The primary reason I found this book attractive was that it didn’t tell the same old stories about the same players we’ve all read about before – no Doyle, no Chip, no Puggy, so Slim… Instead, we’re introduced to people, most of whom are anonymous in the US. Several may be recognizable from EPT reports, a couple have made limited final table appearances on the US WPT and WSOP shows, but only a small few are known with any depth on this side of the Atlantic.

It is this which makes the book appealing – it is fresh meat for the poker-literature junkie, both new and familiar at the same time.

Highly recommended!

Tuesday, July 11, 2006

So I was playing...

So, I was playing…     

… a turbo this afternoon. Blinds were high, 300/600/50, and I’d been on the short-stack right up until I got heads-up. In a turbo, of course, the short-stack is limited to push-n-pray by level 5-6. I’d been playing most of the time with an M of 5 or less.

Heads-up, I was at a 2-1 disadvantage when the other guy decides to chat.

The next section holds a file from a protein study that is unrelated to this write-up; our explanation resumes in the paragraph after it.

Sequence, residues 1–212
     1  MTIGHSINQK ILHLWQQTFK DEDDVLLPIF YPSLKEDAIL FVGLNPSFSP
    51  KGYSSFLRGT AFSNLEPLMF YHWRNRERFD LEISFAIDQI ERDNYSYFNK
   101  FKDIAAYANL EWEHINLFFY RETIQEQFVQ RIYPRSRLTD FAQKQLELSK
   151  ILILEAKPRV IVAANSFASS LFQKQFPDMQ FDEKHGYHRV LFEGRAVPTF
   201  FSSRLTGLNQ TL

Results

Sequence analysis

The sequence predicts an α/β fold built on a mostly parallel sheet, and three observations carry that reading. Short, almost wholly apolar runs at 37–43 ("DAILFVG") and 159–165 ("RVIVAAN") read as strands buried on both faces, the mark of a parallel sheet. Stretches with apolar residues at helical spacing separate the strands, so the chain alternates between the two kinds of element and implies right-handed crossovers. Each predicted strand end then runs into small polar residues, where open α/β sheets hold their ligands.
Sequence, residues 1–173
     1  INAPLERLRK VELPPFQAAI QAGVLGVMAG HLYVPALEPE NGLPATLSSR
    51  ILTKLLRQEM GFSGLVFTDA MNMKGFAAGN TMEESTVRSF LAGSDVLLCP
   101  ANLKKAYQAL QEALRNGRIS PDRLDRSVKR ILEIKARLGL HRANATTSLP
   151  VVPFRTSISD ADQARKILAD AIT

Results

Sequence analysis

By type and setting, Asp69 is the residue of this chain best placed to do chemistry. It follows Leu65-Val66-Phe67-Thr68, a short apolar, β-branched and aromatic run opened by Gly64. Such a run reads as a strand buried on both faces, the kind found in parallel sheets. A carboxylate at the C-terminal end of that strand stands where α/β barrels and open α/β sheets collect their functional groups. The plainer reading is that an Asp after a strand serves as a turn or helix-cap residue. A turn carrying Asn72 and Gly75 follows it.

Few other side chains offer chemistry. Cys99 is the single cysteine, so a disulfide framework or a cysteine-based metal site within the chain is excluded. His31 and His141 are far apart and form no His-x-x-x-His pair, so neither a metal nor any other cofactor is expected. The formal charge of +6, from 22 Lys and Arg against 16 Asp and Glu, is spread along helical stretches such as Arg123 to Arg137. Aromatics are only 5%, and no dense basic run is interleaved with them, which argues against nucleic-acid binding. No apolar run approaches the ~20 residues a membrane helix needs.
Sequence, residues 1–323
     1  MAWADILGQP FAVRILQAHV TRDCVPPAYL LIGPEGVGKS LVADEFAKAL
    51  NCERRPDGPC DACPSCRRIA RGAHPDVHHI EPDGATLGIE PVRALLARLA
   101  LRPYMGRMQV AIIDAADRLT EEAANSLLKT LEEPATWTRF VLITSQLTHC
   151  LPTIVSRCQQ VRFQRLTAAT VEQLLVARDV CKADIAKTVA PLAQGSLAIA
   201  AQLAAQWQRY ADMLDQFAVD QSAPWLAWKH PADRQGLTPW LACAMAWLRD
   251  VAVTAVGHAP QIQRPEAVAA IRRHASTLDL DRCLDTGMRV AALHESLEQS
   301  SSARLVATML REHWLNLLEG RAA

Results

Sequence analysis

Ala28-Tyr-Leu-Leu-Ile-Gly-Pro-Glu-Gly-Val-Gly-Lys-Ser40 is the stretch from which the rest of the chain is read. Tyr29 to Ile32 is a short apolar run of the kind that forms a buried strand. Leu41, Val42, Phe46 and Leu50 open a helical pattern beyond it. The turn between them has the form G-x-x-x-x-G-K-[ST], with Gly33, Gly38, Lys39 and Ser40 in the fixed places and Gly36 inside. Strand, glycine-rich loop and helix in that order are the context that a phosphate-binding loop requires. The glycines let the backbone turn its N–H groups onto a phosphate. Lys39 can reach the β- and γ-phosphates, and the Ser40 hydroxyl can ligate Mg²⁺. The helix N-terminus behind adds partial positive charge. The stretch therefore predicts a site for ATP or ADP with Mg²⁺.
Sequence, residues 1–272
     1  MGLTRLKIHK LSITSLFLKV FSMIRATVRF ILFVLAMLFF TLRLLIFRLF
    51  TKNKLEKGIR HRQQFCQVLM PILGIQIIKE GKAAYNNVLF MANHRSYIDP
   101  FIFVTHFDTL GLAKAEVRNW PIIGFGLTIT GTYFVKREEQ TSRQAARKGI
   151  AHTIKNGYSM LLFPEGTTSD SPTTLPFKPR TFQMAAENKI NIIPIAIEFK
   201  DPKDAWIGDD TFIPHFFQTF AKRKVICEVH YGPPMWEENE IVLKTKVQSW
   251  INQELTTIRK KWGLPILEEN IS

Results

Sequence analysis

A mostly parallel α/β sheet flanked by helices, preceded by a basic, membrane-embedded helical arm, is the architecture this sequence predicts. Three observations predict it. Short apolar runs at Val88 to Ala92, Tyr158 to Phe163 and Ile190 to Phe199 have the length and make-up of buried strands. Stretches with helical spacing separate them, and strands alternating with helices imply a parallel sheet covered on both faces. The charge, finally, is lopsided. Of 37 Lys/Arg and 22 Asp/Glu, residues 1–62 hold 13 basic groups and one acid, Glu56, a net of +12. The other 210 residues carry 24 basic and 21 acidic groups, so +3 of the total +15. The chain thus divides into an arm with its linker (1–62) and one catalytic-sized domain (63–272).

“can u play”.

I type back, “Nope”.

He replies, “play”.

And I realize he means he wants us to see some flops and play.

As a much better player and blogger than me once said, “LOLOLOLOLOL!”

Um, yeah, I have an M less than 4 – sure, I’ll play post-flop. Not. That game allows the big stack all the advantage.

It is well-known that turbos are luck-fests, and skilled players can wind up very frustrated and broke by playing them. The problem for them is that they try to play them like a standard SNG, or god forbid, a MTT. They refuse to make adjustments to “their game”, because their game is the “right way” to play. They refuse to play short-stack aggression, because their hands don’t “fit”, completely ignoring folding equity, and fail to recognize that they are rarely less than 3-2 dogs and are usually getting 3-2 if their push gets called (this is the short-stack, not the medium/big stack). They ignore how people tighten up on the bubble, and just play their cards and seat position, not their strategic position. A short-stack that doesn’t exploit a timid medium-stack that just wants to fold to the money ignores tremendous opportunities to regain a competitive stack. In turbos, you must play the thinnest of edges and you MUST understand that fact. Go see Nerd’s archives for a much better explanation of the math.